Canada’s economy added 22,000 jobs in February, unemployment rate steady at 5% – The Globe and Mail IG News

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Bank towers are shown from Bay Street in Toronto’s financial district on June 16, 2010.Adrian Veczon/The Canadian Press

Canadian wage growth rose in February to more than 5 per cent, a potential blow to the Bank of Canada as it tries to tame inflation and a rolling labor market.

On an annual basis, average hourly wages rose 5.4 per cent to $33.16, up from a 4.5 per cent pace in January, Statistics Canada said in a report on Friday. Financial analysts were expecting a wage increase of 5.1 percent. To an extent, the numbers were influenced by a comparison to February, 2022, when low-paid service workers were rehired following the COVID-19 lockdown, which brought down average wages that month.

While workers are benefiting from tighter labor market conditions, Bank of Canada officials have repeatedly said that wage growth will need to slow and that unemployment will need to rise for the central bank to reduce inflation, which It was last measured at an annual rate of 5.9 percent. ,

Thus far in 2023 the labor market is progressing. Employers added nearly 22,000 positions in February, according to a Friday report, after a blockbuster gain of 150,000 jobs in January. The unemployment rate held steady at 5 percent, which is close to an all-time low.

“After the January jobs hoard, this result is too strong for the BOC to comfort,” Doug Porter, chief economist at Bank of Montreal BMO-T, said in a client note. “There is no sign that the labor market is coming under fire from the rapid fire of the past year.”

Earlier this week, the Bank of Canada kept its policy rate at 4.5 per cent, a pause it telegraphed after eight consecutive rate hikes beginning in March 2022. Still, the central bank has left the door open for additional rate hikes if inflation does not ease as expected.

The bank’s latest monetary policy report, published in January, said wage growth “appears to have stabilized” between 4 percent and 5 percent and was no longer rising.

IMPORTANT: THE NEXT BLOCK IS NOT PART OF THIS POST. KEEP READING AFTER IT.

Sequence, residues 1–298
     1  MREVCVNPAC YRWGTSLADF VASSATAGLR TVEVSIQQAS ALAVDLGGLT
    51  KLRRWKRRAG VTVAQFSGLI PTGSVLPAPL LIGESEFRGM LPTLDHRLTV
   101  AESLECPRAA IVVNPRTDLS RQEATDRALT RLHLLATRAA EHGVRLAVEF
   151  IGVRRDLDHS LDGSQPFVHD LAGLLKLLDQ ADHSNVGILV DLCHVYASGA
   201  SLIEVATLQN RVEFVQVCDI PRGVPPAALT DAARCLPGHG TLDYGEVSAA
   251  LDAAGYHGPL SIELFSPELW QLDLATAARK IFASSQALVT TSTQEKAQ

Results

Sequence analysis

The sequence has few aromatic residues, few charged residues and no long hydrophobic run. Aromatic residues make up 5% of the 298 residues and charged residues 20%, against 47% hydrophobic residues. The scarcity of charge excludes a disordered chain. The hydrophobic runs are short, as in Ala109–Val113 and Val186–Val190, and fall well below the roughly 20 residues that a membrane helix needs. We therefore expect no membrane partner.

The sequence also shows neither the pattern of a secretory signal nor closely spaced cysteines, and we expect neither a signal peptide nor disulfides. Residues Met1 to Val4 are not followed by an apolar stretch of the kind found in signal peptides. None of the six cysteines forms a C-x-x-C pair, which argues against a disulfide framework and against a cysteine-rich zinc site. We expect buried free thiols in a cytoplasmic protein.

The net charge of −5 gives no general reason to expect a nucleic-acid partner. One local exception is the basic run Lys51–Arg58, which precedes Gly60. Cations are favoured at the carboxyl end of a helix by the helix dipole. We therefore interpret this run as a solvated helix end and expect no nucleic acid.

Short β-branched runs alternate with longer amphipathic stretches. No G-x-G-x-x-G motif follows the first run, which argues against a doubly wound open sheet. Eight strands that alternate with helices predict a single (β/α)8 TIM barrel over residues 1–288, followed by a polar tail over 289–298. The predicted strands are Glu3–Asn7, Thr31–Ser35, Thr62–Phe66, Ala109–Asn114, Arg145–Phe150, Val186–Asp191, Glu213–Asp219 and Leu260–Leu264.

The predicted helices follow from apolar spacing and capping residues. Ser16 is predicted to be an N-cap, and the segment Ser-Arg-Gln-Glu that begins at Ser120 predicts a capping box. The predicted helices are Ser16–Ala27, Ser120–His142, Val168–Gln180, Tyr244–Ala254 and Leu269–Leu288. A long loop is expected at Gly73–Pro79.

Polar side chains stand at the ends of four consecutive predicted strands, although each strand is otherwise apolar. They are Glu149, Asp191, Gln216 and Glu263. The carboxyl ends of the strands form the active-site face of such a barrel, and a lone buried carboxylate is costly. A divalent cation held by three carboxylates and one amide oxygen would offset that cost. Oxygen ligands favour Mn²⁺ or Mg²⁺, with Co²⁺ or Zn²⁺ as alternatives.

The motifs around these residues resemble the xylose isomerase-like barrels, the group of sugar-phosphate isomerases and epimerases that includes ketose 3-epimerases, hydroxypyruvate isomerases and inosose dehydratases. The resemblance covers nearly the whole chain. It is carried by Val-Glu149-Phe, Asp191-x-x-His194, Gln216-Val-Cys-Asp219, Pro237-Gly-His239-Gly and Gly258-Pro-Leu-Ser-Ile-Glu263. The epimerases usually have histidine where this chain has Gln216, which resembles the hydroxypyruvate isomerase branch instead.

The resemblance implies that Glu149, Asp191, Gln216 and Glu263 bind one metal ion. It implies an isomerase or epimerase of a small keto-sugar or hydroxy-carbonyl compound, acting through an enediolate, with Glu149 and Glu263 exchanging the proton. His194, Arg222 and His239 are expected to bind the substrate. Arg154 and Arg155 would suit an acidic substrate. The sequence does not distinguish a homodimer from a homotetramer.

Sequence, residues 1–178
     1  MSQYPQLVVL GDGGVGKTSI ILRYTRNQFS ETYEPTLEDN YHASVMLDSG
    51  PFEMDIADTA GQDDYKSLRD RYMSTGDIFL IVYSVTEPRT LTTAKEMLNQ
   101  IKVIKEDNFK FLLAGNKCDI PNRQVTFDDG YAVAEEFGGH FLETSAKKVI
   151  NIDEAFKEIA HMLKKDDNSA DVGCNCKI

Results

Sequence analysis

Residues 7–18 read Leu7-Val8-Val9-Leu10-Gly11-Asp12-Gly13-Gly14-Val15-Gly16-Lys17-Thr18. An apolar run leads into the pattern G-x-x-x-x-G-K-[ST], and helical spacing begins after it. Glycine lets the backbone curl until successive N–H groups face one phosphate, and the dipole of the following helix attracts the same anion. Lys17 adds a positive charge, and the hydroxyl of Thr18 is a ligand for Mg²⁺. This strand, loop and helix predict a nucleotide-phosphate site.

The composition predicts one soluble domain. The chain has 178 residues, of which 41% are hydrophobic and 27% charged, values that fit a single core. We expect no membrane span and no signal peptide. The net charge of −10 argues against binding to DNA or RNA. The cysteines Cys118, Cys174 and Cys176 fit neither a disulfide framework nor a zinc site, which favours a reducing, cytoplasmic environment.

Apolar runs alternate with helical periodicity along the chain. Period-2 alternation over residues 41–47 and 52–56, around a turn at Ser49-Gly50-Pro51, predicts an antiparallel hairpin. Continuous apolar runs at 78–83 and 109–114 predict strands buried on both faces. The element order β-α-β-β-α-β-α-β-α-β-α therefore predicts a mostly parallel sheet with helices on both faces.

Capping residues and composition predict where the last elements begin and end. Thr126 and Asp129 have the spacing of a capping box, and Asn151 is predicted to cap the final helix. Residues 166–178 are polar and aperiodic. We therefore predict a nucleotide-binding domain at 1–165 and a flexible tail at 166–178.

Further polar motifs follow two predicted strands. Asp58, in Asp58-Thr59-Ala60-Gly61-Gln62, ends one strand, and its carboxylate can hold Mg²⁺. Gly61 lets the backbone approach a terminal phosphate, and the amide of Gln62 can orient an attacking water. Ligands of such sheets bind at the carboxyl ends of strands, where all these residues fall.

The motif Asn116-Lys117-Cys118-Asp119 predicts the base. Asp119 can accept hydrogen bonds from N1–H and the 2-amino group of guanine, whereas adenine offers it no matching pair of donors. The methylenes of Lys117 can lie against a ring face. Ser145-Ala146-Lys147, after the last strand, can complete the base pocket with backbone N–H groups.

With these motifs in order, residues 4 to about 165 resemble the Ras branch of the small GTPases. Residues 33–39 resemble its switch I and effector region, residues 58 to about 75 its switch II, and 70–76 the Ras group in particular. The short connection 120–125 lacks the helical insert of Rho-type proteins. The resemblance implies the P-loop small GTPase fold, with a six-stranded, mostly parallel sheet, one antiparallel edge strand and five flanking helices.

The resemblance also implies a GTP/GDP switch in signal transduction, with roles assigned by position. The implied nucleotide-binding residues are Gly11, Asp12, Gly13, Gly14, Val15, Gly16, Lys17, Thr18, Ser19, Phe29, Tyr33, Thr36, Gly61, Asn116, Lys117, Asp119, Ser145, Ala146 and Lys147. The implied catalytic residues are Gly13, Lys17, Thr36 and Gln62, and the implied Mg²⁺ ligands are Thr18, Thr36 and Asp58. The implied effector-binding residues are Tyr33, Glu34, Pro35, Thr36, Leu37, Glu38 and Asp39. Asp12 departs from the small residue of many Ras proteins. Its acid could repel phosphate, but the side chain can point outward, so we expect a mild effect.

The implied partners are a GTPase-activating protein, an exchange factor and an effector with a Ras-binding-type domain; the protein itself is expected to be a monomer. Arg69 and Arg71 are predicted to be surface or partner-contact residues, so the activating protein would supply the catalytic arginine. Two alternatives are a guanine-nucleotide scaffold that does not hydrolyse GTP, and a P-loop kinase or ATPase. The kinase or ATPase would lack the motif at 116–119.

There are several ways to measure salary growth in many Statscan reports. They generally show that wages are increasing by more than 4 percent on an annual basis.

Bank of Canada officials have argued that the current pace of wage increases is not conducive to returning inflation to the 2 per cent target unless there is strong growth in productivity.

However, labor productivity – as measured by real GDP per hour worked – has fallen for three consecutive quarters. Put another way, workers are producing fewer goods and services per hour worked. To compensate for lower production and rising labor costs, many companies will charge higher prices to their customers.

“Productivity growth is a good thing for the economy because it allows businesses to pay higher wages,” Caroline Rogers, the central bank’s senior deputy governor, explained in a speech on Thursday. “If we continue to see above-average wage growth in Canada without strong increases in productivity, it will be difficult to get inflation down to 2 per cent.”

Ms Rogers later said: “So far productivity is not trending in the right direction.”

The central bank has said it will need to see a “collection of evidence” of an overheating economy before raising rates again. Economists and investors generally do not think that the limit has been reached.

Interest rate swaps, which capture market expectations of future rate decisions, are indicating that the benchmark interest rate will remain at 4.5 per cent through the end of the year. Traders are placing shorter odds on a rate hike than on Thursday. BMO’s Mr Porter linked the change in interest-rate expectations to the collapse of Silicon Valley Bank and the widespread fears that swept financial markets this week.

Also on Friday the US reported a gain of 311,000 jobs in February, which exceeded analysts’ estimates. Wage growth slowed on a monthly basis.

In Canada, full-time employment increased by nearly 31,000 positions in February, helping to boost the number of hours worked that month by 0.6 percent. Labor data suggest Canada is headed for positive economic growth in the first quarter; Last year, many analysts on Bay Street predicted a recession by now.

“It’s still a question of whether we have a formal recession or not,” said Beata Caranci, chief economist at Toronto-Dominion Bank TD-T. He added, however, that “it’s really hard to imagine a situation where you can get inflation back down to 2 percent with the unemployment rate down.”

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